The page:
is re-looking at online shopping as part of its business plan, it told investors Wednesday.
TJX, a late arrival to online retail in the U.S., plans to work hard to become a significant force in the space, Meyrowitz said on a call with investors.
“E-commerce is clearly in our future,” CEO Carol Meyrowitz said in an earnings call with analysts Wednesday. “We continue to see e-commerce as a major opportunity for TJX. We see it as a marriage between our stores and the Web.”
plans to leverage its $23 billion in annual brick-and-mortar sales and its 700-plus-strong merchant organization to make the leap, reported the Boston Herald.
“We expect to offer outrageous value and utilize our flexibility,” Meyrowitz said. “We believe e-commerce will open up a greater landscape for categories. Just think about the potential for us to carry categories online that we wouldn’t carry in our stores.”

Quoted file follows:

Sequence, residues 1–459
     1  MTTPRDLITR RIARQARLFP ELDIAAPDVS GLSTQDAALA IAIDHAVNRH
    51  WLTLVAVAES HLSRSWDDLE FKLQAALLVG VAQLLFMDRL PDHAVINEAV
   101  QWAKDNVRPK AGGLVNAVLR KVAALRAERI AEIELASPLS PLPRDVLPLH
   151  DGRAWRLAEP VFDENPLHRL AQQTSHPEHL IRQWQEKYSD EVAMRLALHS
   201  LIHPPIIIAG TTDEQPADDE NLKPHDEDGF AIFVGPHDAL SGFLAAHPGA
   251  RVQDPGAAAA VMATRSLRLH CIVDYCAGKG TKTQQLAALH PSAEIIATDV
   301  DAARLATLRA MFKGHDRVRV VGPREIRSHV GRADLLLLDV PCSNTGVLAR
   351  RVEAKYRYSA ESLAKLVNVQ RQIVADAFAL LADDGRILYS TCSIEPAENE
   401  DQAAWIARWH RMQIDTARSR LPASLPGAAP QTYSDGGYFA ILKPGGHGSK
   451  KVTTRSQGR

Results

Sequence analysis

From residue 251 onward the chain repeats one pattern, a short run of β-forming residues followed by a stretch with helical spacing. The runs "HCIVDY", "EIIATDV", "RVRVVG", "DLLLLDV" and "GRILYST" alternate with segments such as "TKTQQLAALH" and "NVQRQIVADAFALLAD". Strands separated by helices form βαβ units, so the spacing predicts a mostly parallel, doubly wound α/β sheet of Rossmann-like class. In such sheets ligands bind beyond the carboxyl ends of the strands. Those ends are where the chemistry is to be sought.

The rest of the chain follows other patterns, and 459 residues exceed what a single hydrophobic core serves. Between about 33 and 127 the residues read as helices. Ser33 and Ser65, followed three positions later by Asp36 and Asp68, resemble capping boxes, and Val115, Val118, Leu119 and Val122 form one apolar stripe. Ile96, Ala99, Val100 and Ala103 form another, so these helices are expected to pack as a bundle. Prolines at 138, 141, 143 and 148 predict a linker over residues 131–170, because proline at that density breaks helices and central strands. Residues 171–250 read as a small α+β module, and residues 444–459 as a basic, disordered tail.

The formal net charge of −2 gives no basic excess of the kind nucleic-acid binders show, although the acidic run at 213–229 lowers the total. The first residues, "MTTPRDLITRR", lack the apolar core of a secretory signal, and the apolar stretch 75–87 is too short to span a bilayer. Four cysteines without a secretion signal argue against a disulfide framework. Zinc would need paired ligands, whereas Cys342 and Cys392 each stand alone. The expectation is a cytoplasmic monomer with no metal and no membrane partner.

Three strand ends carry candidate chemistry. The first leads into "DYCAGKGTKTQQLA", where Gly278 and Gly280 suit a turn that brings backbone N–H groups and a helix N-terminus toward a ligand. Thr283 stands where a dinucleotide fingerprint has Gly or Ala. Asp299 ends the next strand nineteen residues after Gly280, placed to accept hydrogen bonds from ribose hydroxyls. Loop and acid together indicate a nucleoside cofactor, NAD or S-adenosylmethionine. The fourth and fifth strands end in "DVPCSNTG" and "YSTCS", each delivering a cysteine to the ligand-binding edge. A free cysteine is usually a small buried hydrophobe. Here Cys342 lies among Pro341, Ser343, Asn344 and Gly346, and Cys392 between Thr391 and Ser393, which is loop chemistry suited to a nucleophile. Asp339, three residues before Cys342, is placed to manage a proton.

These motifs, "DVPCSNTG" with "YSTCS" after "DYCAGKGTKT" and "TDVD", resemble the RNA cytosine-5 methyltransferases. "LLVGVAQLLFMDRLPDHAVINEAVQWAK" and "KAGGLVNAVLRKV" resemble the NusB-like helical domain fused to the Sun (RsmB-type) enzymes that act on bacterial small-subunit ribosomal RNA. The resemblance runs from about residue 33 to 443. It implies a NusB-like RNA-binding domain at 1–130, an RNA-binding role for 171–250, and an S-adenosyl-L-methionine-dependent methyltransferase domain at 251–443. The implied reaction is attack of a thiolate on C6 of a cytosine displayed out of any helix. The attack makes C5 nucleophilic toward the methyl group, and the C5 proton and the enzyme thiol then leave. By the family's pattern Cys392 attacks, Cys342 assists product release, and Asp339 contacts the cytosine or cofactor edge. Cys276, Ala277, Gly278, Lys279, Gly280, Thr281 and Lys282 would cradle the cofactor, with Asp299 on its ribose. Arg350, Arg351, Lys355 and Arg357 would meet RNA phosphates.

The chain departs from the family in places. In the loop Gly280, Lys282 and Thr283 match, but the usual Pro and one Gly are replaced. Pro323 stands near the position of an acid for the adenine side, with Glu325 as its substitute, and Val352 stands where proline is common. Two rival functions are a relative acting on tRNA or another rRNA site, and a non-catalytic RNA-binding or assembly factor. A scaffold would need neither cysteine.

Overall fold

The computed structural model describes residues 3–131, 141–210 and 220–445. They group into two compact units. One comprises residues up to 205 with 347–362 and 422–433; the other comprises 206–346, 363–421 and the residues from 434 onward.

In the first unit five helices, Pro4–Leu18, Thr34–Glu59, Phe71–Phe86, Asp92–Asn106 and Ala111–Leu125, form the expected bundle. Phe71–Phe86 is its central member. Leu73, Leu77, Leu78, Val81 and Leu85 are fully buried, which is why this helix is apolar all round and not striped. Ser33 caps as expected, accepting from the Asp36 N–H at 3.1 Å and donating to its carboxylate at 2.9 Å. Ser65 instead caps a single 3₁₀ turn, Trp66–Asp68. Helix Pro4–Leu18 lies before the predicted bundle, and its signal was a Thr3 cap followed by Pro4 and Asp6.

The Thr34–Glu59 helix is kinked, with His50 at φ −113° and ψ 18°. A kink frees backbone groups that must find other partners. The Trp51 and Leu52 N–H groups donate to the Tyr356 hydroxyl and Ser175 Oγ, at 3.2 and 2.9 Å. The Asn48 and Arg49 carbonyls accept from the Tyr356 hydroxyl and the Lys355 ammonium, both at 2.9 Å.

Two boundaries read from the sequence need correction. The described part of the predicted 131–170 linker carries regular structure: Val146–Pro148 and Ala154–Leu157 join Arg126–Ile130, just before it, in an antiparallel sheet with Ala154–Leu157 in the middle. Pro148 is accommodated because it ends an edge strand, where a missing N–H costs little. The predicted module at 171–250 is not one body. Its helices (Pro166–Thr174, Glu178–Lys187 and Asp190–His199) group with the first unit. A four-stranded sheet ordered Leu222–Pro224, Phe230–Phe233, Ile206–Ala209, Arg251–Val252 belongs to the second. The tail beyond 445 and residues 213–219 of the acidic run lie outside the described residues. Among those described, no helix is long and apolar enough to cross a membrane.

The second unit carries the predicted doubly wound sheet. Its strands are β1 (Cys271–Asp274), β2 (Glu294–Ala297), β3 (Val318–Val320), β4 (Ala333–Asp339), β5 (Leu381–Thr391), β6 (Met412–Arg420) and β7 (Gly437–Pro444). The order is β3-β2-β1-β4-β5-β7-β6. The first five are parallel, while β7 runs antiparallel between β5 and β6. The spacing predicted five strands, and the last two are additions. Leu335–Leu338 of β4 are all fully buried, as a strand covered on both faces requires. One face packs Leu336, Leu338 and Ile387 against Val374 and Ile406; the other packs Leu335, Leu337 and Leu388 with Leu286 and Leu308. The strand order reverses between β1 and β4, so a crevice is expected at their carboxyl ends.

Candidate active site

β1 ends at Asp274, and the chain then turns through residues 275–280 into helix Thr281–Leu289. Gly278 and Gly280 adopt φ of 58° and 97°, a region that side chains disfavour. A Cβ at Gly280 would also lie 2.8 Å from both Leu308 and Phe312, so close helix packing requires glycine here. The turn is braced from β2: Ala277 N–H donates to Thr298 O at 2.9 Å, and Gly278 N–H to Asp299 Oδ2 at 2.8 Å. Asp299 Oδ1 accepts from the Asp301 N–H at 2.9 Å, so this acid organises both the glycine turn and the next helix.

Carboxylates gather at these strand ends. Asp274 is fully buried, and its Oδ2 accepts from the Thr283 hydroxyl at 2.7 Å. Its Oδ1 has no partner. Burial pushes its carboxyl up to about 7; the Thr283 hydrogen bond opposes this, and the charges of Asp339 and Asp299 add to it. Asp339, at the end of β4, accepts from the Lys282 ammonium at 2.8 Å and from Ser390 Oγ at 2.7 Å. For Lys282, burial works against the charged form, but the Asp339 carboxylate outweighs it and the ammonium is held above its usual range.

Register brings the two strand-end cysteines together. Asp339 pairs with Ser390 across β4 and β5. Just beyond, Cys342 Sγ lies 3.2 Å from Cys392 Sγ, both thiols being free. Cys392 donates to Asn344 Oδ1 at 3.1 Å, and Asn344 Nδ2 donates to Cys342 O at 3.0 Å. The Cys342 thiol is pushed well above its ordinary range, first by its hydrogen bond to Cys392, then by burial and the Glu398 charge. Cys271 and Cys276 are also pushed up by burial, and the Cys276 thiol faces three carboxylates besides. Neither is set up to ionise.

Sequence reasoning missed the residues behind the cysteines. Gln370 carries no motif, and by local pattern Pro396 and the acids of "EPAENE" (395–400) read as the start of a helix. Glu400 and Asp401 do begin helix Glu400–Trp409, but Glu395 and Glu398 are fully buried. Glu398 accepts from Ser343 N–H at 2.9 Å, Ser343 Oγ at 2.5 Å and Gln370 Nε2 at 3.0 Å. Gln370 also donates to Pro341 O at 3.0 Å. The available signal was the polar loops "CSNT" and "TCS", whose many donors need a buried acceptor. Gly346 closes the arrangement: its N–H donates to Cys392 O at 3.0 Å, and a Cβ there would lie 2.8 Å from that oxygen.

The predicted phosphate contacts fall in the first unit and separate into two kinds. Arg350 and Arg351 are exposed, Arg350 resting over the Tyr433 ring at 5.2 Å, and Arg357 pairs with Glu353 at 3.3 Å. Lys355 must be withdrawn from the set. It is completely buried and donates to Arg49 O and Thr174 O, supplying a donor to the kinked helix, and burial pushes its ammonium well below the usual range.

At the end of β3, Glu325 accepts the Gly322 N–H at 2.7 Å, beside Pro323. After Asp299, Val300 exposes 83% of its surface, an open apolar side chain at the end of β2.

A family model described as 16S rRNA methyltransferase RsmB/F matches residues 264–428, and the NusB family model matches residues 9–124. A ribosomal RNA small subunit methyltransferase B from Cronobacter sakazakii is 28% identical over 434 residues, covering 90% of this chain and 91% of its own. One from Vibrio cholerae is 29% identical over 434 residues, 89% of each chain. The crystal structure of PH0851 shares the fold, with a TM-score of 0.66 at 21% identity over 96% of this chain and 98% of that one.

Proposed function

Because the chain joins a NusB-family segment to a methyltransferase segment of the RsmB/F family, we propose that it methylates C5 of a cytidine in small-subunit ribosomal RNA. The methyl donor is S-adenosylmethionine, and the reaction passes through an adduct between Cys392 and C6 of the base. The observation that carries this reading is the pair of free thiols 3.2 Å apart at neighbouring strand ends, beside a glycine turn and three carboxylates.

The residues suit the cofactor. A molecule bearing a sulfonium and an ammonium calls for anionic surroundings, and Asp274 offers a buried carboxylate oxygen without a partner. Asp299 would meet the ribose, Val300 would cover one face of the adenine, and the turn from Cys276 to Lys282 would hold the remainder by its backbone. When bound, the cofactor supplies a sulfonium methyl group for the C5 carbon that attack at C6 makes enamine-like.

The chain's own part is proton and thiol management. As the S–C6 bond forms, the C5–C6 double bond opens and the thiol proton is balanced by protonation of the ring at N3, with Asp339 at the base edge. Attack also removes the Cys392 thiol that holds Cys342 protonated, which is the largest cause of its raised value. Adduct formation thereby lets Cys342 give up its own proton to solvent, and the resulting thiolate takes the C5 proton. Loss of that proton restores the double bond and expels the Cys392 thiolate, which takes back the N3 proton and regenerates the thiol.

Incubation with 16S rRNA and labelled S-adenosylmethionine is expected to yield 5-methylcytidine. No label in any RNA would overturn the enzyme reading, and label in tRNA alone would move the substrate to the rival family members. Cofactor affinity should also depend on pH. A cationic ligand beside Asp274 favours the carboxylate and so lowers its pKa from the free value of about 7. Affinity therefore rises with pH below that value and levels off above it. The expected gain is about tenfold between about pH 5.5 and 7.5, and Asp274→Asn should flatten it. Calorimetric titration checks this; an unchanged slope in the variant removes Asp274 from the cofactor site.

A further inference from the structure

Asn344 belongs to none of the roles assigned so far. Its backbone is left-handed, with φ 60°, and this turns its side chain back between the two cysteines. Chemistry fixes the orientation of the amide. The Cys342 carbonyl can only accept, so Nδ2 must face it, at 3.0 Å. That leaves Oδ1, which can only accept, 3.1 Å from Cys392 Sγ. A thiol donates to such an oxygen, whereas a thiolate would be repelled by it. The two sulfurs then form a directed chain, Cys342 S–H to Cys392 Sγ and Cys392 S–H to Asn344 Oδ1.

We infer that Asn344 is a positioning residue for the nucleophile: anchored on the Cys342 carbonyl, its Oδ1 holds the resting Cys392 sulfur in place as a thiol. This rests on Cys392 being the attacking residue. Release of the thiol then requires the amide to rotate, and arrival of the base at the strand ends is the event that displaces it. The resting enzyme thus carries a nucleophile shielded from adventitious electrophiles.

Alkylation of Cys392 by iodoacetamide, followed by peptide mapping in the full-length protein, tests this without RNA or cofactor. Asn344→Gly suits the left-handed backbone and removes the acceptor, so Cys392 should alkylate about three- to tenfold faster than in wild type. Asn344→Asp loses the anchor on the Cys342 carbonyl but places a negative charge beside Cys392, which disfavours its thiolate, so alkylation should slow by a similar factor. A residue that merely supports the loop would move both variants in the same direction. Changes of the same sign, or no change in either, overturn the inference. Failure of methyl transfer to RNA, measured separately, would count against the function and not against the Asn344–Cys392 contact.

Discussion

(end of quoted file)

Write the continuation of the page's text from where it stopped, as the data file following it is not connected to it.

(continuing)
, the parent company of , and headquartered in Framingham, would not reveal a timetable for its online launch, when contacted.
TJX tried an e-commerce business in 2006.
TJX’s websites average more than 4 million visits each month in aggregate, even without selling merchandise online in the United States.
TJX appeals to budget-minded consumers, mainly women.
While online shopping is popular with both sexes, almost three-fourths of women (72%) and more than two-thirds of men (68%) having shopped online, reported a Nielsen Company survey.
Women led most online purchase categories, with clothing, shoes and accessories topping that list.
For the quarter ended Jan. 28, TJX reported a profit of $475.3 million, or 62 cents a share, up from $334.4 million, or 42 cents a share, a year earlier. The year-earlier period included 11 cents in charges related to the closing of its A.J. Wright business. The latest results reflect the company's recent two-for-one stock split.